According to the latest report by the national medicines agency Halmed, the use of anti-anxiety drugs in Croatia is on the rise, with the national health fund spending some 90 million kuna (€12 million) on the five most commonly prescribed drugs of that type in 2017.
The total spending on drugs used to treat the central nervous system was 834 million kuna (€112 million) in 2017, which includes a wide variety of medicines, including those used to treat schizophrenia and other serious mental disorders. However, the total spending on drugs has been on the rise in recent years, including the spending on anti-anxiety drugs from that group, Vecernji List daily reported on Tuesday.
According to Halmed data, Croatians had spent 36 million kuna (€4.9 million) on diazepam-based anti-anxiety prescription drugs, such as Valium or Normabel. These were followed by alprazolam-based drugs such as Xanax, which had sales totalling 26 million kuna (€3.5 million).
These two were ranked fifth and ninth in the top ten list of most commonly used medicines in the country, with Halmed saying that in 2007 some 76 out of every 1,000 Croatians took at least one of them every day.
The data was compiled and released by Halmed, which publishes yearly statistics on the rate of usage of drugs per 1,000 people, the spending on drugs, and ranks them by their generic names.
The data showed that in 2015 the national health fund had spent 31.5 million kuna (€4.2 million) on prescriptions for diazepam, which rose to 33.2 million (€4.5 million) in 2016, and increased again in 2017 to 36.1 million (€4.9 million).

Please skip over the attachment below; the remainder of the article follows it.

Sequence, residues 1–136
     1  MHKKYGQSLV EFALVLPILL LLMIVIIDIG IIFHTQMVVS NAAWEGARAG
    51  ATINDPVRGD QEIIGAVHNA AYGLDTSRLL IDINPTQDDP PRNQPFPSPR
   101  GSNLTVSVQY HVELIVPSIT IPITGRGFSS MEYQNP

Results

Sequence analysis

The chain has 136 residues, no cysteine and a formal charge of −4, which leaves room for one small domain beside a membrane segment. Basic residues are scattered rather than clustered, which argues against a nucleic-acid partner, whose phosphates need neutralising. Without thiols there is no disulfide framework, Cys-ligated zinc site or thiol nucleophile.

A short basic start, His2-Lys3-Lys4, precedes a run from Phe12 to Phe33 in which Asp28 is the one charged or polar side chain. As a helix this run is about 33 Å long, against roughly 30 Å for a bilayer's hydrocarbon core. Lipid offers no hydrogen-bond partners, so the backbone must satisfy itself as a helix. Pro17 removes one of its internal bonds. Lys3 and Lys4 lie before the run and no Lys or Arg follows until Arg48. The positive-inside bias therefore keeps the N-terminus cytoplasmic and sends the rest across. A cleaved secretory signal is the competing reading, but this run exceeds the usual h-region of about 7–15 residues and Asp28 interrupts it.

A similar increase is seen in the daily dosage prescribed to patients, the head of Croatia’s chamber of pharmacists, Ana Soldo, told Vecernji List. She added that apart from the prescription drugs using diazepam or alprazolam – which are on the health fund’s reimbursement list, meaning they are free for patients – other over-the-counter anxiety drugs are also popular.
“Nearly all those anti-anxiety medicines are on the public health fund’s reimbursement list. But in Croatia we also have herbal drugs and food supplements intended to be used by patients who have difficulty sleeping, or experience anxiety,” Soldo said.
The main ingredient in such drugs is valerian extract, and according to Halmed, Croatians spent another 3.4 million kuna (€460,000) on this type of drugs in 2017.
Over the period from 2013 to 2017, the doses prescribed and the spending on insomnia and anxiety drugs rose by 8 percent. By region, the highest usage of anti-anxiety drugs per capita is highest in the Koprivnica-Krizevci County in central Croatia, where it is nearly double from the usage in Istria, which is bottom of the list, Vecernji List reported.
(€1 = 7.42 kuna)